Now that the film is finished, yes, I would totally say it is a collage. It is very close to the way I edit and make films, so it was a perfect meeting between me and Genesis, as well as Genesis and Lady Jaye’s love and life. A Cut Up! I would definitely call it a collage and that is really how I make films. I was a painter before and still think that way about collaging different textures, but now with motion added to the medium, which is wonderful.
I really didn’t have a structure in mind and discovered very quickly that Genesis and Lady Jaye’s life style, art, music and love were cut ups, which was perfect for me and gave me total freedom to explore the 7 years without any restriction. I always mix surreal scenes, sort of living tableau with daily life scenes, fiction with archival footage and shoot with an old hand cranked Bolex with 100 feet rolls of film. The Bolex already forces me to do a sort of collage since I can only shoot 3 minutes at a time. It is the perfect medium for me and adds the fact that it never synchs with sound, adding another aspect of the collage by recording sounds, interviews and music outside of the shooting time and process. Genesis and Lady Jaye’s project of cutting up their bodies was even more an extension of collage that I was not expecting; it brought that freedom of editing and shooting to another level for me. Cut it all Up!
The documentary took 7 years to make! What was this experience like for you Marie?
It was an intense and incredible 7 years with a lasting bond between us. At times incredibly difficult, especially when Lady Jaye died and as a filmmaker and friend, I was also a care taker at times. It was incredibly inspiring, always because of the characters, their art work, the music, the close friends, the process of making music and just the daily life of kindness and fun. I learned so much and experimented so much, so it was and still is an incredible adventure. I am exhausted by it for sure and need a break before knowing where I go next. Yet, I’m relieved that I was able to stubbornly finish the film and get Genesis’s entire trust and support.
I work alone, never have a crew, I do it all: camera, sound and editing. Just me with my camera and mic at times that I use for recording the sound, interviews, rehearsals and concerts. So in 7 years of recording sounds, different mics and spaces create a collage of very different, sometimes very bad sounds that I collage in the editing. I had 15 tracks of sounds when I edited; I love sound and edit the image according to sounds and noise to create the gestures, the cut, the choreography of each frame. The creative process in my filming or recording technique, is just as creative in the editing, which takes months and months to find its story and shape. I never write scripts or know exactly where to go, only time and the friendships slowly draw the film’s shape and color.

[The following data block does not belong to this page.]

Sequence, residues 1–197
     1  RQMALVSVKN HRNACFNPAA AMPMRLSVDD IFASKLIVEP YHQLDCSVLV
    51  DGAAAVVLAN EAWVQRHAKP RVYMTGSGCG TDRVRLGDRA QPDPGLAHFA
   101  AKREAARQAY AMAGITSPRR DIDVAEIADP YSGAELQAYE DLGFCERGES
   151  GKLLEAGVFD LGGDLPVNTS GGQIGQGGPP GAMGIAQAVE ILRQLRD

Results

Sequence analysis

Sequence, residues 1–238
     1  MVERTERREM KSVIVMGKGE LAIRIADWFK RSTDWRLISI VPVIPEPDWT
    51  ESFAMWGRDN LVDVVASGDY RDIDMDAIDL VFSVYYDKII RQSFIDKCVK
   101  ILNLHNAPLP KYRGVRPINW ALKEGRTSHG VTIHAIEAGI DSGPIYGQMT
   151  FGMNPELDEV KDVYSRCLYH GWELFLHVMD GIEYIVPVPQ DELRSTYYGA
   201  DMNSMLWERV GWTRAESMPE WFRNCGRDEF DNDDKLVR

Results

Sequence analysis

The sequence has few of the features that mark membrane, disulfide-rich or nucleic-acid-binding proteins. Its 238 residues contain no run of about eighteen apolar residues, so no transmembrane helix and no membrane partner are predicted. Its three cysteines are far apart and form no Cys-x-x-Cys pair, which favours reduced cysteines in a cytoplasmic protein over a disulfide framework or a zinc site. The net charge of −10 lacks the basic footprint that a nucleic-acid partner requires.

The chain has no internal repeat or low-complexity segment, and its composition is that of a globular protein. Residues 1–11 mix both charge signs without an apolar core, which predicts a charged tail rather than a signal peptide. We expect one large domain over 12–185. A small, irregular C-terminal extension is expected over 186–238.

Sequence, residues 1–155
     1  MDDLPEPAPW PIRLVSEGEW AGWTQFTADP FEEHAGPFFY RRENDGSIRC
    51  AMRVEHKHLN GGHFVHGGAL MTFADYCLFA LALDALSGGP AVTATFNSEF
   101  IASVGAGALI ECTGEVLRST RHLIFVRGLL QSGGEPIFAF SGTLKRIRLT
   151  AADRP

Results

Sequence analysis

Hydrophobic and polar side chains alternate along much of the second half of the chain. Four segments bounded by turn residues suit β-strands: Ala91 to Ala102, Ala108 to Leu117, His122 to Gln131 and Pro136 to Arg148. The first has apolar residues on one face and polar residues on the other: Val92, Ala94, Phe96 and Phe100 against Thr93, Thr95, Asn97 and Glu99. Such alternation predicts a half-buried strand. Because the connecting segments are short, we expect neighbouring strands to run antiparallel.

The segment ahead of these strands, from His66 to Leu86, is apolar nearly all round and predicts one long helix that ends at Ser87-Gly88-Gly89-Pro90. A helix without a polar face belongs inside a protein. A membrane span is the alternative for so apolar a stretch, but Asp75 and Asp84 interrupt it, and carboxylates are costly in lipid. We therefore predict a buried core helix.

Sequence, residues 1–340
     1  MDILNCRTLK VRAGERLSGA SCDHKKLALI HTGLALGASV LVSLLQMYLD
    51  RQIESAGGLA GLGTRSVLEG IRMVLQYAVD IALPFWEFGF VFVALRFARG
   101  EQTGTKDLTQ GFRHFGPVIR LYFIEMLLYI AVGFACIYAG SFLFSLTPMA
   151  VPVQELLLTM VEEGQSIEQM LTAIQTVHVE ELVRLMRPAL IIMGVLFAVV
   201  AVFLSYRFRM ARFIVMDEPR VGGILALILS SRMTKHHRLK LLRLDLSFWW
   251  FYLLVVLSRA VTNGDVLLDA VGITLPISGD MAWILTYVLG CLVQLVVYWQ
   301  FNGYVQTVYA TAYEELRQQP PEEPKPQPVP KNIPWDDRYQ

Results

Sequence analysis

What’s next for you Steve?
Matt Porterfield has two new Baltimore projects we are starting to show around that I’m super stoked about. I’m also working with filmmaker Joseph Cahill on the Prague project “The Night Fisherman,” along with producer Courtney Andrialis. It’s a futuristic, sci-fi indie thriller with brains. Gotta keep evolving. Hopefully Marie will get some rest and start dreaming up another feature as well.
Steve, did you think SXSW was a vital festival to reach for the film?
We had our World Premiere at the Berlin International Film Festival in the Forum, which was amazing. The team over their really embraced the film and audiences have been overwhelmingly enthusiastic. We were honored to win the Teddy and Caligari prizes there and very happy to bring it to SXSW for our North American premiere. Janet Pierson and her team have been supporters of other projects of mine including Matt Porterfield’s “Putty Hill” and they’ve continued to build a solid festival centered on unique and vital independent features. Their connection to music was also exciting as we were able to work with that camp to bring Psychic TV in to do a concert in conjunction with our screenings. We’re also thankful to Tribeca, BAM, HotDocs, San Francisco and Ann Arbor, among others showing the film domestically and hope we’re able to continue reaching people through fests and eventually theatrical distribution.
Note: This was written by a Yahoo! contributor. Join the Yahoo! Contributor Network to start publishing your own articles.